One thing to note, however, and this bit me a few times: sftp as a protocol is slightly more restrictive than something like normal secure copy (scp). SCP allows you to use Unix wild cards in the file name when grabbing a file from the remote machine. SFTP, on the other hand, expects the full explicit path to the file you want to download. An example of this is:

ftp.get('*.py', '.')

In most cases, this would mean “download all files with .py” to the local directory on my machine. SFTP is unhappy with this formulation, though (see Listing 2). I learned this the hard way, after I spent several hours pulling apart the sftp client implementation out of frustration.

The best way to learn Python.

Oh!! Finally decided to learn Python.Ha ,Good, Then Fallow the below steps.

Requirements to learn Python:

1  U should be a human-being

2 U must have lap or desktop

3 U must install Python in your device

Step-1:  Install Python in your device

For Windows:

Go to python official website ( and download exe file , install in your system (better to install 2.7.3 version)

For Linux:

Go to Python official website ( and download tar file , unzip it run python setup file, before installing python in Linux system check once in your system u might have already , most of the Linux system’s have python by default.

Step-2 Open your Python IDLE from start bar

Now in your hand u have book , then start writing on it, i.e practice some basic stuff on it like 2+2….

Then take any basic Python PDF ex: Head First Programming Python (  or open Tutorial Point website ( .

First start with basic introduction of python programming language then step by step.

And practice each concept by example .

If u are comfort with basic python stuff, start learning some advance concepts with help of  books like Dive Into Python (

Step-3 Play with Python programs.

Now u know some python , then it’s time to write some useful code , for this do goggling find some basic application level code , and practice it.

Step-4 Take step for useful.

Now you are Jim in Python , don’t feel that you are ready for industry , there is one more step , i.e need to learn combination of technologies.

Now  decide which side need to go , to become hero in industry , i.e in Web development or GUI development or Automation or some other.

Step-5 Learn Django for web development.

Now in your hand have Python, open Django official website ( find some example app , and practice it.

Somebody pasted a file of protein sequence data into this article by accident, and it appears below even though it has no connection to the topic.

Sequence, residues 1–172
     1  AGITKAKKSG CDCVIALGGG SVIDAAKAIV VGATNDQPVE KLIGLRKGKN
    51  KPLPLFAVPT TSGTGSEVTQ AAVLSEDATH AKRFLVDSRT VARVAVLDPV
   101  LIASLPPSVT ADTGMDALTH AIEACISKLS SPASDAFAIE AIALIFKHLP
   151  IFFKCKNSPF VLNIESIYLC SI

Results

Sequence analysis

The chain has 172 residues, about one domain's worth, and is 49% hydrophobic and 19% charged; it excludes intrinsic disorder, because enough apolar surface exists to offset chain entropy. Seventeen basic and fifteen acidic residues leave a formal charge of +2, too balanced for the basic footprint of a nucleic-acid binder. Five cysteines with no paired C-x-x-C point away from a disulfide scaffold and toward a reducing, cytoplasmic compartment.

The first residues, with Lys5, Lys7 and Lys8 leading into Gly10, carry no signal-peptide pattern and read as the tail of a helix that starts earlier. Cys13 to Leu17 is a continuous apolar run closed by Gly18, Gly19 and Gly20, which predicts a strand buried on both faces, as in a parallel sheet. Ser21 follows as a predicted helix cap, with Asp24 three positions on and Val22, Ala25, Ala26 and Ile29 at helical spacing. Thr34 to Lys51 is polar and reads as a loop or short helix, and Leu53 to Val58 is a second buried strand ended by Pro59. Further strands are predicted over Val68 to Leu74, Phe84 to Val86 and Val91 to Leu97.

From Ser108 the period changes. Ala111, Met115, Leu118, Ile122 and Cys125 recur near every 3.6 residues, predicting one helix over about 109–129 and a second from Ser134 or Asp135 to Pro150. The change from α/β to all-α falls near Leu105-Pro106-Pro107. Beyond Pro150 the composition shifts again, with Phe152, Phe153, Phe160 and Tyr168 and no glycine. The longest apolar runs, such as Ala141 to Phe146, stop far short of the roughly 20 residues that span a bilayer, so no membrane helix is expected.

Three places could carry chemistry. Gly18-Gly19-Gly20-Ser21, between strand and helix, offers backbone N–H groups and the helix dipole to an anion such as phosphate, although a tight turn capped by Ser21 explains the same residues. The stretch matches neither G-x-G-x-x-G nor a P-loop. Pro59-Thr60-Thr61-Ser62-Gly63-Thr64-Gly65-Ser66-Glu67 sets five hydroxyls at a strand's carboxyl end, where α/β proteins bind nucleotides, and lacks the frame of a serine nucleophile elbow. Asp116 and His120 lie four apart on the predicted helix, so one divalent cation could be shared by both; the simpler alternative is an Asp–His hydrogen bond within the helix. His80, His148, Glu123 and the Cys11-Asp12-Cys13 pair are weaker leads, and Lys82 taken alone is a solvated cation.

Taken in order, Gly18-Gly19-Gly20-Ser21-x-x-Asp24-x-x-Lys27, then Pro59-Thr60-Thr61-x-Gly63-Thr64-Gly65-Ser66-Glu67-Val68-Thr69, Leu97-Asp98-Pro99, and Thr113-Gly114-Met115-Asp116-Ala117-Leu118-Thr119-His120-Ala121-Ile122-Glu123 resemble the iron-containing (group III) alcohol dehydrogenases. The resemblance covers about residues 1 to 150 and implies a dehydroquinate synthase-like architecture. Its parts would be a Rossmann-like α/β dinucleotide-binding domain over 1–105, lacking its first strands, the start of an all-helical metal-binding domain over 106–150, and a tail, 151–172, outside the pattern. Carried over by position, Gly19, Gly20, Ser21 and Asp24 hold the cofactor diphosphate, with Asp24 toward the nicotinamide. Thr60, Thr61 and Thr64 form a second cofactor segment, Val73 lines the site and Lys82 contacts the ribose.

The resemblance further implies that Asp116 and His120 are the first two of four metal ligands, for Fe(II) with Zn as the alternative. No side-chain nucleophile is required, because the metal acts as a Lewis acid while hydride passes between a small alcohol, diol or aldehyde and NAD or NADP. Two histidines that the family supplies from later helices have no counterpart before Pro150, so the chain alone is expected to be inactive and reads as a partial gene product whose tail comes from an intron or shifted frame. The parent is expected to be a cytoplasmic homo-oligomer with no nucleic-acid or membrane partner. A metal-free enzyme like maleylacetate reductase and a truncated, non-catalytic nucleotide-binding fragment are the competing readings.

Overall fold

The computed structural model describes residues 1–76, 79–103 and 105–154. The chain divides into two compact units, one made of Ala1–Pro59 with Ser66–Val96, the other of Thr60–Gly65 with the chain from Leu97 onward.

Finally!!!!!! Ha….Become…Pythonist…Congrats ..All The Best For Ur Future….

Want to Start New Django Project Fallow These Steps (Django Workflow).

Django Workflow

  1. Create a new project and a new app called mainapp
  2. Edit Fix the following:
    1. Database settings
    2. Installed apps
    3. Media and media admin paths
    4. Most recently, to add CSS and JS paths
  3. Edit in the project folder and
    1. Uncomment the admin paths
    2. Include
  4. Create a new in the mainapp folder
    1. Create a path that display a view called home
  5. Create a new templates folder
  6. Create a base.html file in the templates folder
    1. Create a place-holder variable within base.html
  7. Edit the file. Create a new view called home and return ‘hello world’ using the base.html template and a place-holder variable
  8. Create a media folder the project folder (1 level up from the mainapp folder)
  9. Edit the file
  10. Run syncdb
  11. At this point, you should be able to access both your admin page and your homepage that outputs ‘hello world’ by running the development server

__name__ == “__main__” in Python

When you run a python script directly (example: $ python, you want to set a starting point of the script. Python scripts are interpreted from the first line, then goes to the second line and so on …

import module

def my_function():

code here

x = my_function()

But you want to make your code more structured, so you come up with this:

import module

def my_function():

code here

def main():
x = my_function()

the program starts from here


This is good, but problem is, if you import the script from another script (from module import *), the main() function gets executed, but you may not want to do this. You want to call the main() function only when this script is exclusively executed. And you can do this using name == “main“.

import module

def my_function():

code here

def main():
x = my_function()

the program starts from here

if name == “main“:

Thus you can make your script to make it a reusable script (import from another script) and a standalone script as well.

Best Python Learning Web Links